In writing this opinion piece, my concern is less about whether or not Ghana is able to undertake a meaningful nationwide roll-out of inclusive education. Rather, it is more about meeting the needs of students with special needs in an educational system swamped by huge numbers of untrained teachers; superficial skills in relation to inclusive practices and high rate of teacher turn-over. These are incredibly difficult issues to overcome.
It is also important to note that aside from these fundamental problems, the government’s approach to establishing inclusive education since the 1990s has been quite piece-meal. And as the Global e-Schools and Communities Initiative (GeSCI) noted in its report on Ghana’s inclusive education, this rather adhoc approach does not augur well for achieving the vision of inclusion in line with the EFA and MDGs agenda. The GeSCI recommends a systemic approach which requires consistent commitment of resources and stability of personnel and all other stakeholders. This is an asking which is doubtful in country and/or culture that lacks resources and perseverance, which are important to achieving long-term goals.
Although the GeSCI has accepted the Ghana Education Service’s (GES) request and has supported Ghana with Assistive Technologies for special educational needs, there is no guarantee that any meaningful support for students included in regular schools, will be achieved into the future. This conclusion is couched in the uncertainty on the part of the Government to commit resources to support issues of disability as happened with the Community Based Rehabilitation (CBR) program.
The Ministry of Education’s Strategic Plan is to develop a model for Inclusive Education within the overarching framework of Education For All (EFA). However, these issues of the education system enumerated above are always going to be stumbling blocks to achieving this vision. Furthermore, Ghana is still immersed in a situation where the structural inequalities and marginalisation of persons with disabilities easily translate into service provision arena, and the promulgation of policy lags unacceptably far behind implementation. Thus it might be a while before the implementation of any intended courses of action for addressing issues of inclusive education trickle down to those students who really need such services. In fact the admission by Madam Victoria Opoku, Director in charge of Secondary Education (24 March 2010) that despite in-service training programs and other extra classes, the performance of SHS students in recent times was at its lowest , is indicative of the problems with quality of instruction for even the most capable students. What is also of concern is the fact that teacher attrition is very high in Ghana (Cobbold, 2006) and so much of the in-service training is going to teachers who are unlikely to stay in the system to exert any positive influence on student outcomes. As mine and many others studies show, students with special needs have not been adequately supported in regular classrooms in Ghana. In this sense the poor student outcomes despite more in-service training for teachers, means that students with special needs are less likely to receive adequate support and correspondingly achieve significantly lower school outcomes than their peers. Given all these problems of the education system, achieving the goals of inclusive education as envisioned by the Ministry’s strategic plan- even a decade after 2015- is at best, a mirage.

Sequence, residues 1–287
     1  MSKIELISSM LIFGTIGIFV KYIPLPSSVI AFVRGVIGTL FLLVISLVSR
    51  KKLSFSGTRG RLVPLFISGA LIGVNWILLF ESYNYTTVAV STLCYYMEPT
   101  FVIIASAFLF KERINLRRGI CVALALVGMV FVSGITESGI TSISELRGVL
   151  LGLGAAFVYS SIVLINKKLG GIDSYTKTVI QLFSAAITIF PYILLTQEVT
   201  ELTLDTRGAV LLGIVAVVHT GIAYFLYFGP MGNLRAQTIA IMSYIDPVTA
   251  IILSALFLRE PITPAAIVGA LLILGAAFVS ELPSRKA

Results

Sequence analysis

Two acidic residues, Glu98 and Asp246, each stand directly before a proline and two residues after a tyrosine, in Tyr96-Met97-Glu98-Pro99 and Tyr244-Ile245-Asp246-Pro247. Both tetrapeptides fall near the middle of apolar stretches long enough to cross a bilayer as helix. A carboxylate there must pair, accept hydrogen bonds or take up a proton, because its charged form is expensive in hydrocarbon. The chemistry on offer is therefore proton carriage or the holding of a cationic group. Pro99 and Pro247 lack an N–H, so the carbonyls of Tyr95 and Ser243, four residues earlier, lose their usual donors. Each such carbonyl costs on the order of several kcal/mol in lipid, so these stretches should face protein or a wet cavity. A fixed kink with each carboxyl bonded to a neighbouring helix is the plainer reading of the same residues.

Dr. Ahmed Bawa Kuyini
(For CEVS-Ghana, Tamale) www.cevsghana.org